Economy keeps contracting for first quarter 2019. Fourth quarter 2018 revised down more
The economy continued contracting for the first calendar quarter of this year according to statistics released by the Namibia Statistics Agency on Thursday.
Statistician General, Mr Alex Shimuafeni reported a 2% quarterly contraction compared to a 0.5% contraction in the first quarter of 2018. “Year on year Real GDP for the first quarter of 2019 stood at N$27.026 billion compared to N$27.589 billion, showing the sum of real value added for sectors shrunk by N$563 million. The deterioration in the economy is observed across major sectors with more than half of the sectors posting declines in real value added,” he said.
On top of this bad news came more bad news. The contraction for the last calendar quarter of 2018 was more severe than preliminary data revealed. The contraction in fourth quarter 2018 GDP was revised further downward from -1.7% to -1.9%. This revision was necessitated by updated data for fishing, mining, agriculture and utilities. Fishing, in particular, stands out as it has been adjusted from a contraction of -2.6% to an expansion of 10.8%, a statistically very significant adjustment of positive 13.4% but not sufficient to reverse the overall GDP contraction.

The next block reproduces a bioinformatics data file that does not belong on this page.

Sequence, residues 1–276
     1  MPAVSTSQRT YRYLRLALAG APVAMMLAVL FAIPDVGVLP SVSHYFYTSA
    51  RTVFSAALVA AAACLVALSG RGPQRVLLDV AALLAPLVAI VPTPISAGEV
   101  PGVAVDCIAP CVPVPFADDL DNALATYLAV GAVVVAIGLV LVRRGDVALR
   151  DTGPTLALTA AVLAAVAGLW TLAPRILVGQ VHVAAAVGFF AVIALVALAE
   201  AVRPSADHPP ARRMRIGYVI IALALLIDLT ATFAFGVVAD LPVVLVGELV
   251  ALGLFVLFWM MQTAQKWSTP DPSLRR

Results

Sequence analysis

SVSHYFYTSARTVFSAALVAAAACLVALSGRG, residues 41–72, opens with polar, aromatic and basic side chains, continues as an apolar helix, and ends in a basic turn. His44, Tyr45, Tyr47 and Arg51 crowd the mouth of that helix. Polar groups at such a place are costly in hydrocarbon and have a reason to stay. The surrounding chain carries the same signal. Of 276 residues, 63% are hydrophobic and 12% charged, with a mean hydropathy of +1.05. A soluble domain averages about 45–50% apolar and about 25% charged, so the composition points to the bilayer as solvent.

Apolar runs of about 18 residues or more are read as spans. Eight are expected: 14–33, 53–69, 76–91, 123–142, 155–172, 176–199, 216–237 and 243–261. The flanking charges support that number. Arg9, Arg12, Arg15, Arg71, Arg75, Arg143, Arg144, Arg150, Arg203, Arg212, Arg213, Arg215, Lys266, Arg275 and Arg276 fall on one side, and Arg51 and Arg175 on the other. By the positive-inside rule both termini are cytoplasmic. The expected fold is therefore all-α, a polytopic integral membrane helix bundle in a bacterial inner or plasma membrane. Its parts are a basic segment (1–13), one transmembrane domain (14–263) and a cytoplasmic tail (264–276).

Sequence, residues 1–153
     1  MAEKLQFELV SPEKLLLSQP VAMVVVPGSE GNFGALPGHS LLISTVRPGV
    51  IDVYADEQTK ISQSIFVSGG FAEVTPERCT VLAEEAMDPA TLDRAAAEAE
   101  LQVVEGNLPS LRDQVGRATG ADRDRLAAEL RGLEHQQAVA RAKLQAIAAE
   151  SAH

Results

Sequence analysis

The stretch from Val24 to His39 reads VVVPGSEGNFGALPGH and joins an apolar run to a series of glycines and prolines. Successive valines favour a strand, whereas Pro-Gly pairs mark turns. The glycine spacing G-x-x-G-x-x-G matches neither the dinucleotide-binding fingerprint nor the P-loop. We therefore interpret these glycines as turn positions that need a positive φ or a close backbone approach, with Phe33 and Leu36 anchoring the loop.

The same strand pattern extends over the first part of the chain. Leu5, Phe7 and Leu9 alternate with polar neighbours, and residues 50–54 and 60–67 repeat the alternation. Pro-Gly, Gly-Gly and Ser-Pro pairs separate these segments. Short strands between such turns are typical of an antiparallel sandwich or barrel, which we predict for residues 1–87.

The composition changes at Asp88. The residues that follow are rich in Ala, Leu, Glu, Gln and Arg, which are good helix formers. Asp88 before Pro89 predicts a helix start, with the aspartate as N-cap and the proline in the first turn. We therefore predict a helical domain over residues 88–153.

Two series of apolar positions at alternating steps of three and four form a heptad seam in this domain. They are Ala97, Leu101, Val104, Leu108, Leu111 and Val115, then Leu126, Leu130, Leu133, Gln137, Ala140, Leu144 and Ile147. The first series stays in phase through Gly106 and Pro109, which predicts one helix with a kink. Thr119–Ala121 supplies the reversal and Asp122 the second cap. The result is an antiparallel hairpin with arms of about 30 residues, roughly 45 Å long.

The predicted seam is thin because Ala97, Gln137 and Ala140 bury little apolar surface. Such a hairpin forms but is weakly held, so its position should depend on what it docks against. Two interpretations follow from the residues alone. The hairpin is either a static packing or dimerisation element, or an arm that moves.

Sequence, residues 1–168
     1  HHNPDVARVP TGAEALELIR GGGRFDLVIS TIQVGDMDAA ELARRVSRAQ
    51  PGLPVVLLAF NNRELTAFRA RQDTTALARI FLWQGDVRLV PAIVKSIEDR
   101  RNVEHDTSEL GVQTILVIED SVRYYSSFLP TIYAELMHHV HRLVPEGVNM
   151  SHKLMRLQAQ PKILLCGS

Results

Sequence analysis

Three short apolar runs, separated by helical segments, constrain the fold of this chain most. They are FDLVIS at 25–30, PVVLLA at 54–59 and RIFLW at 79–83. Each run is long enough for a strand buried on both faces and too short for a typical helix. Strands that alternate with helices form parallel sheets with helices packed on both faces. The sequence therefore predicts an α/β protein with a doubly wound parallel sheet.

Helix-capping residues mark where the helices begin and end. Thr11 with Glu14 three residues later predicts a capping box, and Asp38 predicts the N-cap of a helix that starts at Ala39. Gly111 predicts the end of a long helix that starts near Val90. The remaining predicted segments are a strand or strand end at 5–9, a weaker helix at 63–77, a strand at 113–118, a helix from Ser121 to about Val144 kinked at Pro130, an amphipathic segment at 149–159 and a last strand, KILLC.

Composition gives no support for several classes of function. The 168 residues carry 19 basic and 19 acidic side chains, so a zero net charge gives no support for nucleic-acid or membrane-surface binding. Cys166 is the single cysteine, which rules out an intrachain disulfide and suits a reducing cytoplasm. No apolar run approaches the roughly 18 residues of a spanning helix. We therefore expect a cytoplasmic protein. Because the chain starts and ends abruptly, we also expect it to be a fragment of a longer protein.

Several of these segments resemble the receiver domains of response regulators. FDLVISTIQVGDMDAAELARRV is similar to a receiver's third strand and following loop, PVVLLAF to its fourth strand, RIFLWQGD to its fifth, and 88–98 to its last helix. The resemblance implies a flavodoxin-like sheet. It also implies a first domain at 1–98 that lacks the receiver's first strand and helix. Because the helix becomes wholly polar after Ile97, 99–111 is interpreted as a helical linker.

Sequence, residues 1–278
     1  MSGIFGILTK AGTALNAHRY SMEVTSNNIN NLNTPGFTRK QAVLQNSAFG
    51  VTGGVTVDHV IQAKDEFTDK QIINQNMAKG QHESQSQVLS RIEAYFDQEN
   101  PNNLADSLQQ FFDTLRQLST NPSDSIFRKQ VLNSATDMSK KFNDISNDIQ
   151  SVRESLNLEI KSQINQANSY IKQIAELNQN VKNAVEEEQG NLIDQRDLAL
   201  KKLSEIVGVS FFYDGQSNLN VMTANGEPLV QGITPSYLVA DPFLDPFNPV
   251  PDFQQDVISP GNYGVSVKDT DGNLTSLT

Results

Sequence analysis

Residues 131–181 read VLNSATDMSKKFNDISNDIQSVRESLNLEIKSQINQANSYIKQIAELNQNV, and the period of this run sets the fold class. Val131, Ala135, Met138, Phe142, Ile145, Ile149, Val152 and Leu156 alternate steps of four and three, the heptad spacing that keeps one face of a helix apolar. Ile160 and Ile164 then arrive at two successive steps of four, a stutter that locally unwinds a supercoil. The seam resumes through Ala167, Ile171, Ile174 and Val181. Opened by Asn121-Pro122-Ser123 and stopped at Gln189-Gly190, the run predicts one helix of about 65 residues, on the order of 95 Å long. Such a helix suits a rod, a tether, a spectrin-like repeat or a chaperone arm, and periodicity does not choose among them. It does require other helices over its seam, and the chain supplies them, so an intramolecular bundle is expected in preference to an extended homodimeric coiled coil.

In general, the first quarter contraction stems mainly from Construction (-27.8%), Wholesale & Retail (-6.7%), Agriculture & Forestry (-6.7%) and Hotels & Restaurants (-8.7%).
Moderate contractions were recorded for Public Administration & Defence (1.2%); Transport and Communication (0.5%) and Mining & Quarrying (1.1%)
Reflecting low consumer demand and severely reduced capital investment, the trade surplus was positive for the first time since the second calendar quarter of 2011.
The only sectors that expanded during the first 2019 calendar quarter were Fishing (1.1%), Manufacturing (3.6%), Utilities (2.7%), Financial Intermediation (1.4%), Real Estate & Business Services (0.4%), Education (1.3%), Financial Intermediation Services Indirectly Measured (4.6%) and Health (2.4%).
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